From a cohort of 286 patients referred to an Occupational Medicine Clinic because of exposure to asbestos and/or silica, we identified 53 patients with a reduced diffusing capacity (Dco) (< 75 percent predicted) as their only abnormality. Specifically, their clinical evaluation, chest roentgenograms, and remaining pulmonary function test results were all normal. These patients were divided into nonsmokers (n = 13) and smokers (n = 40). The significance of the isolated reduction in diffusing capacity in these patients (n = 53) was explored with graded exercise testing (n = 19) and bronchoalveolar lavage (BAL) (n = 50). The results obtained from the patients with reduced diffusion were compared with those obtained from comparable smoking (n = 35) and nonsmoking patients (n = 37) in the original cohort who had normal chest roentgenograms and normal results of pulmonary function studies, including normal Dco values (≥ 75 percent of predicted value). Patients with low diffusion demonstrated a tendency for elevated alveolar to arterial O2 differences both at rest and during exercise, and a significant reduction in exercise capacity (V̇2 max) was observed in the smoking patients with reduced diffusion when compared with their smoking counterparts with normal diffusion. All other exercise testing indexes were normal in the study groups and there was no correlation between the percent predicted Dco value and any of the exercise variables. In contrast, BAL revealed significant differences between patient groups. Both the smoking and nonsmoking patient groups with low Dco values had greater numbers of total BAL cells, alveolar macrophages, neutrophils, lymphocytes, and eosinophils in their BAL fluid than did their comparable controls with normal diffusion values. These differences were statistically significant (p < .05) for total BAL cells and total macrophages in the nonsmoking patients and for total BAL cells, total macrophages, and total lymphocytes in the smoking patients expressed as either the total cell number per BAL or total cells per milliliter of BAL. In contrast to the observed exercise testing results, there was significant and inverse correlation between Dco values and each BAL cell type for all four groups combined as well as nonsmokers alone. The Dco values from smokers were significantly and inversely correlated with BAL cells and total macrophages. These results suggest that the finding of a reduced Dco may be related to an active inflammatory process in the lung caused by occupational dust posure. Patients with both dust exposure and low Dco values should be followed up closely even if the low Dco value is an isolated finding; however, the utility of noninvasive exercise testing in the evaluation of these patients requires further investigation.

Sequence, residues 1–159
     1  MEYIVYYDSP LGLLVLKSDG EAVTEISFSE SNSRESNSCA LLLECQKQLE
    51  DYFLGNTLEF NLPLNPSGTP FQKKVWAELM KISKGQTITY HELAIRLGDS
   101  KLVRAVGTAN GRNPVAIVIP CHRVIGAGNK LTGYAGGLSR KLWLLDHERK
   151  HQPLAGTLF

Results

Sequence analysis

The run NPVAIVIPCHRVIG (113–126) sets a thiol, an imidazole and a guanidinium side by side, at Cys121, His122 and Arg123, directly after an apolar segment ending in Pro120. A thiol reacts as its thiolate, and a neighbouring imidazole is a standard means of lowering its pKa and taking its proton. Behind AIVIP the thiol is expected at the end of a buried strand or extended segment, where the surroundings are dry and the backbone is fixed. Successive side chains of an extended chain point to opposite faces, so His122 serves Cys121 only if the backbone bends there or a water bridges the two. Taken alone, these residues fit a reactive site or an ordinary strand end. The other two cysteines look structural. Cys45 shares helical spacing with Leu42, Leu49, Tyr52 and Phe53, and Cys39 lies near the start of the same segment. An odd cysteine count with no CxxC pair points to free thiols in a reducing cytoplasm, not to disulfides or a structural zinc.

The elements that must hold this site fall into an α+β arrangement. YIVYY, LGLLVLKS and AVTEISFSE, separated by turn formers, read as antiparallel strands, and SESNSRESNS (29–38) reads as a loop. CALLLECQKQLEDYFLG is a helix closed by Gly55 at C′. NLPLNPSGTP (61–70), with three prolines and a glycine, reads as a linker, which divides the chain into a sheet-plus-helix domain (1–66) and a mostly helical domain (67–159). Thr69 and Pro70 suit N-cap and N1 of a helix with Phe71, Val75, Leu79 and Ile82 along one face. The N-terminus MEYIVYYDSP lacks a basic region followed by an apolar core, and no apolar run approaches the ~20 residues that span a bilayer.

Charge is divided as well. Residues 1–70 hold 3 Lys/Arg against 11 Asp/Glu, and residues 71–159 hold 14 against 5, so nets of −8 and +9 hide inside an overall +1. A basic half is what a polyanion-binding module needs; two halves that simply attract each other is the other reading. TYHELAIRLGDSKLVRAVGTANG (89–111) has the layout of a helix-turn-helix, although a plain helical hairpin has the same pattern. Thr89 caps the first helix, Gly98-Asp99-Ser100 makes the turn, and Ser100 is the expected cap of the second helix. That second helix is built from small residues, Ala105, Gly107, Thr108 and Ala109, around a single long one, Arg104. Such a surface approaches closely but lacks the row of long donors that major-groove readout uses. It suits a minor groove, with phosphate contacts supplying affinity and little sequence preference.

ASJC Scopus subject areas
- Pulmonary and Respiratory Medicine
- Critical Care and Intensive Care Medicine
- Cardiology and Cardiovascular Medicine